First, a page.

CIPP Project Requires Complex, Challenging Bypass Pumping Plan

By Jeff Griffin, Senior Editor | July 2013, Vol. 68, No. 7

“To provide the full 40 mgd pumping capacity, the six 18-inch pumps were put in place, one being a backup which actually allowed for more than 50 mgd capacity,” Gould said. “All six pumps were set up on transducers to avoid unnecessary fuel burn. In addition to the suction structures, the six pumps were ‘benched down’ by lowering the elevations of the pump pads four feet to reduce the suction lift, thereby increasing bypass efficiency.”

Once the pumps were placed, the discharge was then piped into a 40-foot-long, 42-inch manifold with six 18-inch ports with knife gate valves for the bypass pumps, and five 18-inch ports with valves for the five 7,800-foot lengths of 18-inch HDPE discharge lines.

A month after the project was bid, the status of the project became unclear when Jefferson County filed for Chapter 9 bankruptcy protection.

“After reassurances from the county and project engineers, work proceeded as planned,” said Gould. “However, mobilization of the bypass was delayed due to permitting issues with a railroad. The bypass discharge pipes had to pass through a creek under a railroad bridge, which caused concern for the railroad about the amount of potential water displacement if there was a heavy rain event. To address this concern, we added a 24-inch, Sunbelt 425 horsepower auto-priming diesel pump with auto-start to elevate any excess high water from the creek.”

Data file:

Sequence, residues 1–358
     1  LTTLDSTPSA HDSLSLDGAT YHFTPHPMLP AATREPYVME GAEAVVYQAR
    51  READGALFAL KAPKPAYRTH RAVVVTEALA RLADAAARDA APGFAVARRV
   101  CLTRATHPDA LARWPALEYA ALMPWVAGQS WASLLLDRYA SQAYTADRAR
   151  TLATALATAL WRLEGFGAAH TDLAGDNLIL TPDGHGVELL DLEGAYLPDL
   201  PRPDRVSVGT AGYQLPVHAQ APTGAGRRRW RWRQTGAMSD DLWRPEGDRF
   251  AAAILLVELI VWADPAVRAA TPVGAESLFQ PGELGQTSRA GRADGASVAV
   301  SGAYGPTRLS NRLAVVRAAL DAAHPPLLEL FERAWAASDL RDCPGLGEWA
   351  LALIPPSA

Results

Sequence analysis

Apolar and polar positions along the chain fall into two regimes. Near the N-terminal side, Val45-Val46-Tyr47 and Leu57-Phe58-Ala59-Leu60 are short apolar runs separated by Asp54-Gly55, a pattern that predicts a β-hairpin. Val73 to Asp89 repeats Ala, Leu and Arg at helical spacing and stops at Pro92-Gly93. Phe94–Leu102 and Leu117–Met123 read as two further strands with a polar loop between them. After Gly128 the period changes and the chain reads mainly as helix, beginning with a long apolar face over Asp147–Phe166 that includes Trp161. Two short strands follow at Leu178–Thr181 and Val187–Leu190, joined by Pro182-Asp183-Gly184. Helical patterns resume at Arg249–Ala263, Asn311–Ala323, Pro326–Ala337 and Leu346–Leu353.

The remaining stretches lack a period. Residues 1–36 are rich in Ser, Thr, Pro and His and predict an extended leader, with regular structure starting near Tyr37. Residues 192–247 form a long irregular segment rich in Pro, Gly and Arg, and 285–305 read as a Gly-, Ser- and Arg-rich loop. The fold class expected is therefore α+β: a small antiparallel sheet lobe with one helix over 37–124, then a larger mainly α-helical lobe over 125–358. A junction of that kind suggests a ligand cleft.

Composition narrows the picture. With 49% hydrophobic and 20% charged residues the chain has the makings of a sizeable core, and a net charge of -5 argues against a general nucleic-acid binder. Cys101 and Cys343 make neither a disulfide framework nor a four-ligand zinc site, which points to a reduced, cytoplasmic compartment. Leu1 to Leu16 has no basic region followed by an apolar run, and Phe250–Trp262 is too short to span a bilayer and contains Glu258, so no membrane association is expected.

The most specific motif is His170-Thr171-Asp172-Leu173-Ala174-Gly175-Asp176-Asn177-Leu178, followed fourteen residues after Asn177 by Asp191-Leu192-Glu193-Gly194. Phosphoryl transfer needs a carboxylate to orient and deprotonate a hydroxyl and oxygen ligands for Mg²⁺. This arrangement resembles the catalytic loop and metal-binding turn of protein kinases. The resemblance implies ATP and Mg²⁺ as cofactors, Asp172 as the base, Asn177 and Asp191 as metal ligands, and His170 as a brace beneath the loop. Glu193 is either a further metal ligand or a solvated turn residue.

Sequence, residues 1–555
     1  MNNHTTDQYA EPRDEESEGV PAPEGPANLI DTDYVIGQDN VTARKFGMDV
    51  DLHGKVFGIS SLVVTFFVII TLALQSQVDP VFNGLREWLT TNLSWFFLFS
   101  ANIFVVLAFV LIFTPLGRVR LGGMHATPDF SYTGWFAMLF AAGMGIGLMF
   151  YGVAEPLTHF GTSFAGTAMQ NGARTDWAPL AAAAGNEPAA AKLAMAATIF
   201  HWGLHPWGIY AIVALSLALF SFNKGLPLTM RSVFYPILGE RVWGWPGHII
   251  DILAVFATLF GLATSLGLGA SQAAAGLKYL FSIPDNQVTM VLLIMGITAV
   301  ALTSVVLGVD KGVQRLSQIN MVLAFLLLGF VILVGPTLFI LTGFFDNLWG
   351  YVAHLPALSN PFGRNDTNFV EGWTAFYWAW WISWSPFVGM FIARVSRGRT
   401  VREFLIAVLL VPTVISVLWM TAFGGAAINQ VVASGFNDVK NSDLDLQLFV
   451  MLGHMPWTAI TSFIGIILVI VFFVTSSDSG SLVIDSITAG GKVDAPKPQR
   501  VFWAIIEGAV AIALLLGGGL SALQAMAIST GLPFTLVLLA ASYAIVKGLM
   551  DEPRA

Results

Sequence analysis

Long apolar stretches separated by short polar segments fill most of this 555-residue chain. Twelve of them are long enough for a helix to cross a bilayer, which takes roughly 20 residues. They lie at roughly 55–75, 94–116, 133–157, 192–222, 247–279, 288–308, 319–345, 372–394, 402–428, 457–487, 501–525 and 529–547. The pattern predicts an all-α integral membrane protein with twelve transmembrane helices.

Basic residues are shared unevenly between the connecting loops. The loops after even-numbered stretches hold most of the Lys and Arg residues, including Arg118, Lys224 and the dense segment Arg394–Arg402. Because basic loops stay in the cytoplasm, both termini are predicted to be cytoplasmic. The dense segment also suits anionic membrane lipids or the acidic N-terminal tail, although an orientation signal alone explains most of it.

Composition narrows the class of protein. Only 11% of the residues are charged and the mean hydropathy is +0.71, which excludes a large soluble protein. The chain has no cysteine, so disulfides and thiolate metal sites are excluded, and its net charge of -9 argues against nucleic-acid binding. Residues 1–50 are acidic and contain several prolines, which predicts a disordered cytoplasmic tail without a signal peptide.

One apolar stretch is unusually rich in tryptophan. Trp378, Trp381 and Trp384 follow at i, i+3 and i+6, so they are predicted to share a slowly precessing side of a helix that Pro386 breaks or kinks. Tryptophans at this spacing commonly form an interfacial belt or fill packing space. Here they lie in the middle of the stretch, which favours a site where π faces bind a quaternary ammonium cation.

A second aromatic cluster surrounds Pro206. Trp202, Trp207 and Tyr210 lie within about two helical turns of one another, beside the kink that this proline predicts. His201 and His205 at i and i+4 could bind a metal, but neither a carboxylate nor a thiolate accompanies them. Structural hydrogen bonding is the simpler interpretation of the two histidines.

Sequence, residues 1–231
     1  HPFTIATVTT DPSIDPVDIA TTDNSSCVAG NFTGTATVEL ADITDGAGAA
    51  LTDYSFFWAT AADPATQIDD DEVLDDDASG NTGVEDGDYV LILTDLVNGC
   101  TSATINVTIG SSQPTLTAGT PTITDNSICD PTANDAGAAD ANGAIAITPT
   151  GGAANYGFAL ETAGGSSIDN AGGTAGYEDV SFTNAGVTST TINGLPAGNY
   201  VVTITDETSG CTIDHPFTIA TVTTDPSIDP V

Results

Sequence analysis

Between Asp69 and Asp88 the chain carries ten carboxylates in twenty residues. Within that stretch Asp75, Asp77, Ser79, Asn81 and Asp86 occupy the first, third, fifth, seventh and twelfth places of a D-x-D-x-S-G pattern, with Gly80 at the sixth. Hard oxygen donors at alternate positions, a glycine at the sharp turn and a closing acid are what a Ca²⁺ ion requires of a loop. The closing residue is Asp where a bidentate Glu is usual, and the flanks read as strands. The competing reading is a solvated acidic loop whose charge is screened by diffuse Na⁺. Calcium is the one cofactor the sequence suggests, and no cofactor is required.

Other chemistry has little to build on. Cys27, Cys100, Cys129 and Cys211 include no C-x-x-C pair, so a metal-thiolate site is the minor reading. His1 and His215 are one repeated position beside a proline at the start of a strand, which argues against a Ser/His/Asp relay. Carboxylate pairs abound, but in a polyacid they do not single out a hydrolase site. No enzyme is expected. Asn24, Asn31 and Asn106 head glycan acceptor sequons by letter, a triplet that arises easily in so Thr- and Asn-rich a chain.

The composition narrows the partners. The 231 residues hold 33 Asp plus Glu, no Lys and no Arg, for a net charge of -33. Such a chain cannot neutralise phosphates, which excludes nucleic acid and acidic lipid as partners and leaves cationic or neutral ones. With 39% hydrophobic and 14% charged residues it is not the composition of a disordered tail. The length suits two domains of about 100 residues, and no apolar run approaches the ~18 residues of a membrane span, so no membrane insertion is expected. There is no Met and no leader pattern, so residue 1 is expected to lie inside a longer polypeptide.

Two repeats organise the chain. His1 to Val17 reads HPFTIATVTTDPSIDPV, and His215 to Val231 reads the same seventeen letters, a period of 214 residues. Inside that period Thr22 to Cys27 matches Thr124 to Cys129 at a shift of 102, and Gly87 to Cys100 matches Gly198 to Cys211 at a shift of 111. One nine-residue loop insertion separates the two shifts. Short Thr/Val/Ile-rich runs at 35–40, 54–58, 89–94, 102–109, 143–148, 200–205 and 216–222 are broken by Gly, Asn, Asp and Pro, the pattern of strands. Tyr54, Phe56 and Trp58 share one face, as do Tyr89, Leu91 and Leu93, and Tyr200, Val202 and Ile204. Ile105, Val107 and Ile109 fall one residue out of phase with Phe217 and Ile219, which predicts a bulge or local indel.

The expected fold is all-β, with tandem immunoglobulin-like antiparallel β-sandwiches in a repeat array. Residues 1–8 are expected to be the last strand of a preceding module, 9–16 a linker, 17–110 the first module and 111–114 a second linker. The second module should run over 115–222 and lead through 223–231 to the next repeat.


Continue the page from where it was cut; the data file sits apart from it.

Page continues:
Sunbelt utilized three setup crews with three McElroy 617 TracStar fusion machines working in different locations to expedite the set up.

“While the 38,500 feet of bypass piping was installed, the pumps and manifold were tied in to the system,” Gould continued. “Once everything was connected, the bypass was then hydrostatically tested and liquid level transducers were programmed to run the pumps at different surcharge levels.”

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Construction challenges
Construction of the bypass took almost two months to complete.

“This time would have been reduced had there not been a major weather event during the second week of the bypass build,” said Gould. “The town of Bessemer, where the discharge piping was located, experienced heavy rainfall and tornados causing approximately 2,000 feet of discharge piping to be washed down the creek. Our crews spent the next few days retrieving the discharge pipe. Needless to say, the flash flood became a major concern of the project from a liability standpoint, requiring that a new plan be developed.”

Sunbelt worked with Layne to get a new route approved by CH2MHill.